The Central African Republic’s northern neighbor, Chad, is a military heavyweight in the region. Under the leadership of President Idriss Deby Itno, it is a driving force behind key decisions in the current crisis. For example, on the question of the president: CAR’s interim president Michel Djotodia was invited to attend a summit of the Economic Community of Central African States (ECCAS) in the Chadian capital N’Djamena in January 2014. He then resigned following pressure put on him by President Deby. This was not the first time Chad had decided on the rise and fall of a Central African president.
The National Security Advisory Committee (NSAC) wants the Ministry of Foreign Affairs to summon officials from the United States Agency for International Development (USAID) to give information over what it terms as “plans to topple the government using activists.” According to NSAC Chairman Francis Kimemia, the committee has credible information detailing how the US donor agency has consistently funded demonstrations by activists. Kimemia said that the organisation has used individuals including a defrocked pastor to slander parliamentarians.
Japan risks losing a global PR battle with China after Prime Minister Shinzo Abe’s visit to a controversial shrine for war dead and comments by other prominent figures on the wartime past helped Beijing try to paint Tokyo as the villain of Asia. Sino-Japanese ties have long been plagued by territorial rows, regional rivalry and disputes stemming from China’s bitter memories of Japan’s occupation of parts of the country before and during World War Two. Relations chilled markedly after a feud over disputed East China Sea isles flared in 2012.
Libya has foiled an attempt by a group of former army officers and politicians to stage a military coup, Defense Minister Abduallah al-Theni said Wednesday. “The Supreme Leader of the Armed Forces [NouriAbusahmain] has ordered the arrest of the officers and politicians who tried to stage a coup against legitimacy,” al-Theni told the private Ahrar Libya TV. He added that the Libyan army and revolutionaries were currently hunting down the leaders of the failed coup attempt.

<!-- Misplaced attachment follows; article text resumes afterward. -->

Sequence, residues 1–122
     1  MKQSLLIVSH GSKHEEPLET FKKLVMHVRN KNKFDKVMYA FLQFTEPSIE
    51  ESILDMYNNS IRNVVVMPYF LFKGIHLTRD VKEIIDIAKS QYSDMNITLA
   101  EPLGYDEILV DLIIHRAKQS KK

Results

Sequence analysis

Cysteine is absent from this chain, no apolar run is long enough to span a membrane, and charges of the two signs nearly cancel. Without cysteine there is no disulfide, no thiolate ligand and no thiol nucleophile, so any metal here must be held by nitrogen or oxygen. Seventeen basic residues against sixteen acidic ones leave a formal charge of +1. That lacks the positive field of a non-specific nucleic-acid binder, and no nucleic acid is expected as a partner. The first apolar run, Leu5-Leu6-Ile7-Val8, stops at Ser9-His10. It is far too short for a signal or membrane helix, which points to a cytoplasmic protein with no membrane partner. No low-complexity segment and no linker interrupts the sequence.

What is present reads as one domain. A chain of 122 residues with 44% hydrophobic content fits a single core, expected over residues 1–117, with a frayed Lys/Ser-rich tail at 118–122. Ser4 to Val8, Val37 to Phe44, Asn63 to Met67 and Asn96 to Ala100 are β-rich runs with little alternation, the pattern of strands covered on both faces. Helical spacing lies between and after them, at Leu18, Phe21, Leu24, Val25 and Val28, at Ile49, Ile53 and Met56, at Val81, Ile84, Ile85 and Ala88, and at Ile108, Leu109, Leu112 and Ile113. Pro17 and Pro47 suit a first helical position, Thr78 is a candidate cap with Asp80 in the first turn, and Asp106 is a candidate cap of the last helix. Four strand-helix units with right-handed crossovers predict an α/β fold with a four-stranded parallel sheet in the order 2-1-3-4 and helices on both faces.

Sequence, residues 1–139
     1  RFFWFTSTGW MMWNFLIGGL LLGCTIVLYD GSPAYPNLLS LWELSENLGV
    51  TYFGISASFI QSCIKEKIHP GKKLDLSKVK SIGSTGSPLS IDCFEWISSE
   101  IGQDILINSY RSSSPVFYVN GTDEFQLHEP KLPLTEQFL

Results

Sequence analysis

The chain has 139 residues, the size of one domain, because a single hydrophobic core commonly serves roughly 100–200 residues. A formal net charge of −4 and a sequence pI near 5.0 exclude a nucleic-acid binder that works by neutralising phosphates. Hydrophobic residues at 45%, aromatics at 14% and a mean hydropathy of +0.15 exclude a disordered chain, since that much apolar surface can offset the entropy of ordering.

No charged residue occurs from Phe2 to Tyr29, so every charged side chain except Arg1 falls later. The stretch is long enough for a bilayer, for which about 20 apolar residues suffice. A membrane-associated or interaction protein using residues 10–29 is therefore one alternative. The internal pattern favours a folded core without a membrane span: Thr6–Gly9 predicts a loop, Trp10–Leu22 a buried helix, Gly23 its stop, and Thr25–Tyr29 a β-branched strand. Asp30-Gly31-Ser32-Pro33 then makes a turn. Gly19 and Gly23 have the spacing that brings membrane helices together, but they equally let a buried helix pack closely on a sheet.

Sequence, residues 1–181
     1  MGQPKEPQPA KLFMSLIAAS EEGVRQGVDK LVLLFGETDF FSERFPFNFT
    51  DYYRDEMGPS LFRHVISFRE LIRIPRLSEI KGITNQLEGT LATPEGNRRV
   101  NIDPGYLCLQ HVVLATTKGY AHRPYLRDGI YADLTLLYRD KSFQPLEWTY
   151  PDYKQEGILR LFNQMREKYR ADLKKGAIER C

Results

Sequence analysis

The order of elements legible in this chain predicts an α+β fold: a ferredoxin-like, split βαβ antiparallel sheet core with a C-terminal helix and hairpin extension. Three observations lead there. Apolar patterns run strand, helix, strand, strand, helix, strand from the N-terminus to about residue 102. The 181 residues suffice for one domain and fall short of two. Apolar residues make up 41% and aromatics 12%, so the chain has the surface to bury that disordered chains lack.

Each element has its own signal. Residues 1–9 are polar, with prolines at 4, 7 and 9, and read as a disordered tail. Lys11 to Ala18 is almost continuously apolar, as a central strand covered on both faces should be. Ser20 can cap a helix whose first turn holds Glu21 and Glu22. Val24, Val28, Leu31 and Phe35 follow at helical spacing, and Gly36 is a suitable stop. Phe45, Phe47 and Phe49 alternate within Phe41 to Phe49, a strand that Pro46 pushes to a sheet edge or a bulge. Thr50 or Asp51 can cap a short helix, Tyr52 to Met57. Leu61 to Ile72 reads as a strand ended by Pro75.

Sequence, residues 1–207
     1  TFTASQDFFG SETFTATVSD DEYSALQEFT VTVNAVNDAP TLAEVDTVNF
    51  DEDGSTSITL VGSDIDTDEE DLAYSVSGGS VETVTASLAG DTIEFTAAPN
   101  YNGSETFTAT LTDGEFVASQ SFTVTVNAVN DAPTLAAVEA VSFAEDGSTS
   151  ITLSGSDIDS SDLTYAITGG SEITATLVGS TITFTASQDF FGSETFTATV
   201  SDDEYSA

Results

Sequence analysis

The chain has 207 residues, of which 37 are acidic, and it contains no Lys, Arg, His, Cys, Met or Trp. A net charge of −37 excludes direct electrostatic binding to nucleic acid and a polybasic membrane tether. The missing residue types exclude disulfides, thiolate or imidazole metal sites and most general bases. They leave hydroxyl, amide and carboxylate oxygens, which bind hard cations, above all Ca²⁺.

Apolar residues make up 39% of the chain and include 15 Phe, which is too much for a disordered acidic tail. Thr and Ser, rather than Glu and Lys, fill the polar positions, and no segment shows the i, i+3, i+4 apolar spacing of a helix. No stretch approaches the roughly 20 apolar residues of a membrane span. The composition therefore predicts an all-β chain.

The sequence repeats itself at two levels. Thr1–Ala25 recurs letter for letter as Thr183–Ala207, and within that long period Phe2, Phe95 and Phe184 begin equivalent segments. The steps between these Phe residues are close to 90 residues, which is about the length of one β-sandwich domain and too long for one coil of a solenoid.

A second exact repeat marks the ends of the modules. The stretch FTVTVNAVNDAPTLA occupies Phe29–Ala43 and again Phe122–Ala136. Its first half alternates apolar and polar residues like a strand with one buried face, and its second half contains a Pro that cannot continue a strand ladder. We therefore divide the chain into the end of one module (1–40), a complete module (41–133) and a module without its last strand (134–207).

Senior US officials and lawmakers are sending new signals that a fledgling cadre of military spies is a done deal, despite no real substantive public debate. The Pentagon last year proposed creation of the Defense Clandestine Service (DCS), saying the military needed its own team of spies to gather human intelligence across the globe. The country already has a civilian clandestine service within the CIA, which is itching to ditch some of its post-9/11 roles and return full-time to the spying and analysis business.
The pre-election fever in Algeria threatens to morph into a full blown confrontation between powerful political clans. In an unprecedented move, the General Secretary of the National Liberation Front (FLN), ruling party, publically criticized the head of the all-powerful Military Intelligence (DRS) accusing him of mismanagement and negligence. Mr. Amar Saadani blamed General Médiène for the precarious political and security situations in Algeria. For local observers, this new chapter of infightings among the different cliques that form “the system” is a prelude to an upcoming power struggle over the future of Algeria’s presidency.